Warning over ‘flawed’ universal credit plans

The government's plan to change the benefits system with the introduction of its universal credit plan is badly flawed and these faults need addre…

The government's plan to change the benefits system with the introduction of its universal credit plan is badly flawed and these faults need addressing, a new report has said.

A study by the Joseph Rowntree Foundation, published by the Centre for Economic and Social Inclusion, has noted a number of areas where it believes the new system could "trap people in poverty unless major flaws are ironed out".

It suggested the switch to single monthly payments could pose a "significant challenge" to families on low incomes who have to learn to budget in a different way.

The report also suggested "urgent clarification" is needed over the range and amount of financial advice people will get as they pass through the transition to the benefit. It added that this explanation will be needed regularly and that those concerning children should be treated separately.

It also called for a more prominent ombudsman and a review of the impact of the universal credit's key aims on localisation, with concern raised that people need to be well informed about how services are changing in their area.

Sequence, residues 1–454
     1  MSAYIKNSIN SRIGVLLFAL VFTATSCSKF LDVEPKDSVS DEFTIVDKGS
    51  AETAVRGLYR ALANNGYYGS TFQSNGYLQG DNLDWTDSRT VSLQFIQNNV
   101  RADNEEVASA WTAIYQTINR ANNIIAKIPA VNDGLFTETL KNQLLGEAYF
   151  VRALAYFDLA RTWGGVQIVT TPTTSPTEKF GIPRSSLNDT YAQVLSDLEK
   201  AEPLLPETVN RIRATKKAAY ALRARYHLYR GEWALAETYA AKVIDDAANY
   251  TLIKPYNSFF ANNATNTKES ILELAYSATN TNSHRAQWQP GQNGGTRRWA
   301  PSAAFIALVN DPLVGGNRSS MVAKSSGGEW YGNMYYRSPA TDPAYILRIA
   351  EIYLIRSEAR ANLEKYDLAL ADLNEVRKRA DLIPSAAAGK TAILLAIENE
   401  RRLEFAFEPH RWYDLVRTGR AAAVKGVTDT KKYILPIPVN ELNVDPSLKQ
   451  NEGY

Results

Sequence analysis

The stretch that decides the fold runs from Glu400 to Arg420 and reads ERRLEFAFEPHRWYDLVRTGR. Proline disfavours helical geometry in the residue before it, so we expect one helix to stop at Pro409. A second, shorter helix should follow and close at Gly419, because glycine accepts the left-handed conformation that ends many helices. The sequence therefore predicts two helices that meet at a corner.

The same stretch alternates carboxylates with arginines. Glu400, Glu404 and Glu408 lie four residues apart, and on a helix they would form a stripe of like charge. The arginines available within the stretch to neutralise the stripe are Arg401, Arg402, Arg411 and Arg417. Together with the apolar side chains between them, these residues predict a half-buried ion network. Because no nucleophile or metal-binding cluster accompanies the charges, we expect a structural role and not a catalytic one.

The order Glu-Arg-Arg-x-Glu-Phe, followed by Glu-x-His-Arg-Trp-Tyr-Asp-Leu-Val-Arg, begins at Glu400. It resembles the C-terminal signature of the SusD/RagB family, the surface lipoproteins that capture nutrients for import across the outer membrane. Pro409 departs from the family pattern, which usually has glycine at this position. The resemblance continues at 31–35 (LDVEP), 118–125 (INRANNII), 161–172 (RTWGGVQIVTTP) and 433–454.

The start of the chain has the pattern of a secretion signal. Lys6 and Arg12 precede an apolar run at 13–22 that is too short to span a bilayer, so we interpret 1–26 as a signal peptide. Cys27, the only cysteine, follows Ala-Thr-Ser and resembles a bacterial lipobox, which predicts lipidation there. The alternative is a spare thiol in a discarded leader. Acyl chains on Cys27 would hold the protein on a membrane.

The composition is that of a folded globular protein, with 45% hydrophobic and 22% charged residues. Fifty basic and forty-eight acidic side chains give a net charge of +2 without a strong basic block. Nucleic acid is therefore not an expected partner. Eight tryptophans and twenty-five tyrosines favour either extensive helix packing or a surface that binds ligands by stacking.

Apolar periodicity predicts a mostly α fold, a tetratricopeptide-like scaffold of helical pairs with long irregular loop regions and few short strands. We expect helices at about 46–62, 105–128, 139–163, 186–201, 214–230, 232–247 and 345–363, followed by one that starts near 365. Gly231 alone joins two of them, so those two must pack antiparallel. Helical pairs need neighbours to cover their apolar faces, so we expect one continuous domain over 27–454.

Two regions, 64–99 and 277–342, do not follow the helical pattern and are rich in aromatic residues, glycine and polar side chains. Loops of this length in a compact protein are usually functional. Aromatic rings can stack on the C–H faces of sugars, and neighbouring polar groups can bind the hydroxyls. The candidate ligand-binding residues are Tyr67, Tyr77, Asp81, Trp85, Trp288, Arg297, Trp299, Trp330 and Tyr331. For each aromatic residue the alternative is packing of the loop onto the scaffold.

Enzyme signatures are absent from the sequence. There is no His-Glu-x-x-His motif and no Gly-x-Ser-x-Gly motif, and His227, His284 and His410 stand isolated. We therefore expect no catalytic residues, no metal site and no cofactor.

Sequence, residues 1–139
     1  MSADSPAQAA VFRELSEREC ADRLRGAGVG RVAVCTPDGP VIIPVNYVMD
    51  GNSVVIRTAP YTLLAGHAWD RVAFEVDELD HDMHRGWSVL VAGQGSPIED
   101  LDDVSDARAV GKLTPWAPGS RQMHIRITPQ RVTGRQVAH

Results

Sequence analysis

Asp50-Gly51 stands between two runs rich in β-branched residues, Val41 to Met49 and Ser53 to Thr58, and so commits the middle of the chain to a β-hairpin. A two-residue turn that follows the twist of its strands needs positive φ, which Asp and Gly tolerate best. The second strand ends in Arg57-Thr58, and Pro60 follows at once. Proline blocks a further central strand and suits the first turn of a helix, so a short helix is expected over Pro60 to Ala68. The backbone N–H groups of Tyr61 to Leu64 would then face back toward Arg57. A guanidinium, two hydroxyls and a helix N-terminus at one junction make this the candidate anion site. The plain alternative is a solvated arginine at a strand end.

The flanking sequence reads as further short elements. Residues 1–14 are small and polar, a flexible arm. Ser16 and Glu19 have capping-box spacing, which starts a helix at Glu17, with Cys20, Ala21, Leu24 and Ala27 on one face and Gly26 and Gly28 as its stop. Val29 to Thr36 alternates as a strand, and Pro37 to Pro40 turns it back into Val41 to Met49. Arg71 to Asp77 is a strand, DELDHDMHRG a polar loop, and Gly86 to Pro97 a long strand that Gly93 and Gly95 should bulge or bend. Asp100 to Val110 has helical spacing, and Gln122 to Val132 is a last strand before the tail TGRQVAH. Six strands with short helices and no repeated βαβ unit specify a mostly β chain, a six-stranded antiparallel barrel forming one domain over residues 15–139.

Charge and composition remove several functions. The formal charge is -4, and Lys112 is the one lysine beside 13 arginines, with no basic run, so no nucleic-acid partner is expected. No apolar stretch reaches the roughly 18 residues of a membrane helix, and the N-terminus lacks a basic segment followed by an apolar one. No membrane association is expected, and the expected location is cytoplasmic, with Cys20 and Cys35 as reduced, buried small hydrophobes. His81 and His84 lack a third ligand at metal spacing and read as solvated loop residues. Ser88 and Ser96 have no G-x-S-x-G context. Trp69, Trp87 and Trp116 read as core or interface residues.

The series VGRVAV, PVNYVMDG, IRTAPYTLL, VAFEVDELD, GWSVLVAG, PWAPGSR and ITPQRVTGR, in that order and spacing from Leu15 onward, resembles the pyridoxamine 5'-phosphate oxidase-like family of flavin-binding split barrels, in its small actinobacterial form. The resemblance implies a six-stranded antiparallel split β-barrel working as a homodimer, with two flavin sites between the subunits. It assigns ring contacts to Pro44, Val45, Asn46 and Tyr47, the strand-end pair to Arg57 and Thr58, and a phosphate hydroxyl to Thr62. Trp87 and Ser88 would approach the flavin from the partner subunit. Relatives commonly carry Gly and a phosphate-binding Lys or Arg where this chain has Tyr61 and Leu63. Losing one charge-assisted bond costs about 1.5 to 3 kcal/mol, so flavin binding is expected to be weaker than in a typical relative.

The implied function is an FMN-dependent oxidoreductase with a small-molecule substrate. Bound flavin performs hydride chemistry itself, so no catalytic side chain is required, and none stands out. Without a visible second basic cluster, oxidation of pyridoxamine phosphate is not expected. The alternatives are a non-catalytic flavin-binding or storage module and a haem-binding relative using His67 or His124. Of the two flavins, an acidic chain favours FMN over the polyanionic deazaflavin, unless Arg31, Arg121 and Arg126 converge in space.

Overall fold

One particular concern is that those using the service may be forced to begin their claims in debt after having to borrow money to cover the period before their first monthly claim is paid.

"In this key transitional stage, the Government needs to improve the availability of financial advice and support. The lack of clarity regarding such support and when services will be established gives much cause for concern," the foundation commented.

Speaking at the Conservative Party conference earlier this month, work and pensions secretary Iain Duncan Smith claimed the universal credit will help lift 900,000 people out of poverty, by encouraging them back into the employment market.

He noted that it will be withdrawn "at a constant rate" as people move off benefits and into work, so those taking up new employment can always know how much more their income is rising by for every hour worked.

By James Francis

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